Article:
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‘Get your hands dirty’: How GCs can cement their role in start-ups

In-house lawyers who join start-up firms need to be versatile, embrace change, and become less risk-averse, one GC said.

user iconMalavika Santhebennur 10 March 2022 Corporate Counsel
Nick Brown
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Nick Brown, general counsel at venture capital firm AirTree, said working as GCs could be rewarding as they could witness the results of their efforts immediately.

“You can directly see the impact of your work in the business whereas that can be quite difficult in a law firm or a big organisation,” Mr Brown told Lawyers Weekly.

“You don’t necessarily see the end results of your work in quite such a direct way in a big law firm. I think that’s one of the most satisfying things of working in a start-up. You can have a really direct input in the success of the business.”


However, Mr Brown flagged that transitioning from a large law firm to a start-up or scale-up company carries its own set of challenges, including operating in a small legal team or even as the sole in-house lawyer.

This would mean that GCs must contend with a variety of tasks “thrown at you”, which could fall outside their areas of expertise.

“I think you just have to not be afraid of change and you have to learn to embrace it. You have to unlearn a lot of the hesitancy and risk aversion that comes with being in a big law firm environment,” he advised.

Mr Brown’s comments have come ahead of the Corporate Counsel Summit 2022, which will be hosted by Lawyers Weekly in May.

He will participate in a panel session where he will provide insights into how GCs could play a key role in building companies from scratch and add true value by enabling and empowering decisions and facilitating the business’ growth ambitions.

Because GCs may be the sole lawyer in a start-up firm with limited resources, they could be expected to assume a senior leadership and business strategist role.

“You’ve got to be able to give a sensible commercial view, even if that view is that the firm should go and spend some money to get some proper advice from an expert in the field,” Mr Brown said.

“You’ve got to be able to get up to speed quickly and be able to make those early judgements to be useful. You’ve got to be willing to delve into stuff that you don’t really know about and assess whether something could cause issues for the start-up firm.”

GCs could be expected to act as a sounding board to the founders and provide advice on business strategy and commercial direction, which may fall outside their purview, while assisting the business with events or other miscellaneous activities, Mr Brown said.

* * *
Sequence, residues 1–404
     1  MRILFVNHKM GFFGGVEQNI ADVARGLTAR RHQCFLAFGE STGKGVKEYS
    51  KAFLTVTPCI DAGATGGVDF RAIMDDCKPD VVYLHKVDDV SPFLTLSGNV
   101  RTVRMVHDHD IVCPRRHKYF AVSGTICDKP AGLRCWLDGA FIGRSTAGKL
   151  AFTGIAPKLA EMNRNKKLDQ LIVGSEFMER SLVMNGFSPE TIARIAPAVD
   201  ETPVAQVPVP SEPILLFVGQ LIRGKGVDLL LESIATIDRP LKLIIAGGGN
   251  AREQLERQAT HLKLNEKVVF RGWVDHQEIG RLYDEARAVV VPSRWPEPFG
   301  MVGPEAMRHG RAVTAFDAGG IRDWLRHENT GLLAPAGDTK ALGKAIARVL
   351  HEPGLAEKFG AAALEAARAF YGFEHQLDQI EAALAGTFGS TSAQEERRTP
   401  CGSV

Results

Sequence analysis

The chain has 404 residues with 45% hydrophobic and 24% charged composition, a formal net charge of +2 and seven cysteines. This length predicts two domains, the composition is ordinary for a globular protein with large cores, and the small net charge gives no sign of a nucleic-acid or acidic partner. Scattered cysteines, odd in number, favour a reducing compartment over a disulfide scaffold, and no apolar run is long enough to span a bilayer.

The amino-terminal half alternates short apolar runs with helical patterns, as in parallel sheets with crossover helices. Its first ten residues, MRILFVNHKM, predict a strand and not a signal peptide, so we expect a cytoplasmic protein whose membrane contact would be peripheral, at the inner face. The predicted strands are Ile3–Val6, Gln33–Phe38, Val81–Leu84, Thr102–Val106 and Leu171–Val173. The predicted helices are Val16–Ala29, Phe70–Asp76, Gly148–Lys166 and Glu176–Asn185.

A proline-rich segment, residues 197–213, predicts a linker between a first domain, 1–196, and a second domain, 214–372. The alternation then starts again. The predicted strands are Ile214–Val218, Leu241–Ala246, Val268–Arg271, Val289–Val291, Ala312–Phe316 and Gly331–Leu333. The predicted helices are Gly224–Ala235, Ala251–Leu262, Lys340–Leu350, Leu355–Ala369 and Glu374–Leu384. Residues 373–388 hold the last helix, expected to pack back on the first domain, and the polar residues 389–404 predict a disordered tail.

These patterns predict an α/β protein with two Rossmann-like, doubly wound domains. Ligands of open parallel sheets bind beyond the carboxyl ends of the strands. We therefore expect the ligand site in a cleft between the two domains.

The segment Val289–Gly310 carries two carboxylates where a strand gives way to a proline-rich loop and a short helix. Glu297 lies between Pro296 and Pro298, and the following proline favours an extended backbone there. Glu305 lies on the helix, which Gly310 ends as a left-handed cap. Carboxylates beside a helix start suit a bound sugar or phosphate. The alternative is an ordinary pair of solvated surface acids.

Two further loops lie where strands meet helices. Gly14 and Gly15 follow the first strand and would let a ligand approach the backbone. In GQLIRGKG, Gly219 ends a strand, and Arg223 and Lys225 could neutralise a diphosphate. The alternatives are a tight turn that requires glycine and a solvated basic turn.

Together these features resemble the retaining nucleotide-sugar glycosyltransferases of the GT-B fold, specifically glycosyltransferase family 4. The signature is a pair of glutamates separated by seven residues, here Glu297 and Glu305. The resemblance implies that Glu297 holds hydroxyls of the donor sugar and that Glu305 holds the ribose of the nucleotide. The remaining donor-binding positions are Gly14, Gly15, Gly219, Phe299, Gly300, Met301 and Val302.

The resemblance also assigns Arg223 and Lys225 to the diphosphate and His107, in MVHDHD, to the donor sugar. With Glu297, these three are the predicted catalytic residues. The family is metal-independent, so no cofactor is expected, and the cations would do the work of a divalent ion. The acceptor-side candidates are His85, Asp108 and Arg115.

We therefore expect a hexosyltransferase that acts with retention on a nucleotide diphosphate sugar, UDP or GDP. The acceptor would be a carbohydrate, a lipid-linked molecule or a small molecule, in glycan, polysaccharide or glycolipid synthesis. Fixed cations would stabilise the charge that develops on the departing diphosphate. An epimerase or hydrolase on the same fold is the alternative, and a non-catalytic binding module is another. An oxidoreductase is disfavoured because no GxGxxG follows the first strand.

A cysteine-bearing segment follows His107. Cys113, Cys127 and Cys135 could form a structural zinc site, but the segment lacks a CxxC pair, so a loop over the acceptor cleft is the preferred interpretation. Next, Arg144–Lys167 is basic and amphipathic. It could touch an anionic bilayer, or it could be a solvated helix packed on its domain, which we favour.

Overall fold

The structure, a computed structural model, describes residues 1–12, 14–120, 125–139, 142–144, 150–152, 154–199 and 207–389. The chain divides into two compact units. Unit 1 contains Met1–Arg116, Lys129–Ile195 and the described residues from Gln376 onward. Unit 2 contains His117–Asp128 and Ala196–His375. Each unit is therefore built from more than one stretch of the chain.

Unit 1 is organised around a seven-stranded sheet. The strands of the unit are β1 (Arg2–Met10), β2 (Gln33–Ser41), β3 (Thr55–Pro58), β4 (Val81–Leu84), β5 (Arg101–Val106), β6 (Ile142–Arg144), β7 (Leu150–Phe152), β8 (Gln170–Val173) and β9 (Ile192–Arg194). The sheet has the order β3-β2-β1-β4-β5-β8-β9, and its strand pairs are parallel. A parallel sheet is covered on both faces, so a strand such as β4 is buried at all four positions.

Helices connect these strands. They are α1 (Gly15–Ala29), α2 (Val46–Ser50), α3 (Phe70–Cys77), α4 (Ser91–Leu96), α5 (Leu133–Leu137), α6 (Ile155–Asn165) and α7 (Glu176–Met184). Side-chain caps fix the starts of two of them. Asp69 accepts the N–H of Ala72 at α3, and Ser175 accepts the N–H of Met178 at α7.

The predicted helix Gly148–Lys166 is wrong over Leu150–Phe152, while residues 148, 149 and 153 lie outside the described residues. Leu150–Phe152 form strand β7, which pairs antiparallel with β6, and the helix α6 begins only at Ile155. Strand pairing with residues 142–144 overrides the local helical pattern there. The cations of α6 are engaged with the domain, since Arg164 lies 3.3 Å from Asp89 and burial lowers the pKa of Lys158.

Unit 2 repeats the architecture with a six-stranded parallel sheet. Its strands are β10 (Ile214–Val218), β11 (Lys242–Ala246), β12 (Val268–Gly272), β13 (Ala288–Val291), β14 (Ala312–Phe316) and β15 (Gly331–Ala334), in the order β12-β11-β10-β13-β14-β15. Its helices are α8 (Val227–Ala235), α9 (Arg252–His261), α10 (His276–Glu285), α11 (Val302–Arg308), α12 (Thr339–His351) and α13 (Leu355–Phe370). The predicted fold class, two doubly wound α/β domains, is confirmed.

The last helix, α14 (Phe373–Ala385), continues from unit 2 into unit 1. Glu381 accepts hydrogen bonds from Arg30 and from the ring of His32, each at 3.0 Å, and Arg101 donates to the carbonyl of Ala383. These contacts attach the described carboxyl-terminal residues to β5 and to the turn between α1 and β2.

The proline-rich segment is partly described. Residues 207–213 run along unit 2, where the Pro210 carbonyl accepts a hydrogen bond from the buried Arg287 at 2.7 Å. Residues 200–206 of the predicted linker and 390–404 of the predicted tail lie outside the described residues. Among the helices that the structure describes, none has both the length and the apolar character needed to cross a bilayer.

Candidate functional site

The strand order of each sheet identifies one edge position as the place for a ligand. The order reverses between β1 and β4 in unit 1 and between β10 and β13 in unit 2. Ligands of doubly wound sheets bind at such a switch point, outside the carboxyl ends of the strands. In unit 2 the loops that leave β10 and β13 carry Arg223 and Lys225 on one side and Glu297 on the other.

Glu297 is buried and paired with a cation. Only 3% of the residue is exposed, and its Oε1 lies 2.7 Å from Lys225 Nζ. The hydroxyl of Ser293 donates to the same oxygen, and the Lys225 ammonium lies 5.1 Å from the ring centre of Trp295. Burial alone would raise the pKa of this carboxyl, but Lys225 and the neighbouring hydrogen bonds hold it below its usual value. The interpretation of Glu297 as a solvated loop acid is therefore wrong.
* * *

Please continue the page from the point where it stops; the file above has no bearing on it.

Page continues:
“There’s going to be times when you’re going to need to pitch in and get your hands dirty,” he said.

“You’ve got to be the sort of person who thrives in that very fast-moving, ever-changing environment. You’ve got to be quite adaptable and willing to roll with the punches.

“Also, if you’re the sort of person who is going to be strictly focused on doing exactly what’s in your job description, you’re probably not going to thrive in a start-up environment.”

Because GCs may also have to contend with budget constraints in a start-up firm, it is critical for them to assess and prioritise risks to optimise the use of the available resources and enable business growth, Mr Brown suggested.

“Recognise that you’re not going to be able to get external advice on every single legal issue that crosses your desk,” he said.

“That can be difficult if you’re coming out of a big law firm environment where you probably have specialists in any area of law you might come across on tap.”

Listening to the founders and staff to identify their pain points and manage those risks are key components of a GC’s role.

“Spend at least your initial month or so listening to people and figuring out the impact you can have rather than going in and trying to impose things on people,” he said.

“Then you can figure out the top three or four risks and how you can fit into that process in the most efficient way so that you’re valuable to the business rather than a blocker. There’s nothing that’s going to kill a GC more than being seen as a blocker or an obstacle that has to be overcome.”

To hear more from Nick Brown about how GCs could become a trusted adviser and partner to a start-up, scale-up or high-growth companies as well as the challenges of working in these firms, come along to the Corporate Counsel Summit 2022.

Click here to book your tickets and make sure you don’t miss out.

For more information about the summit, click here.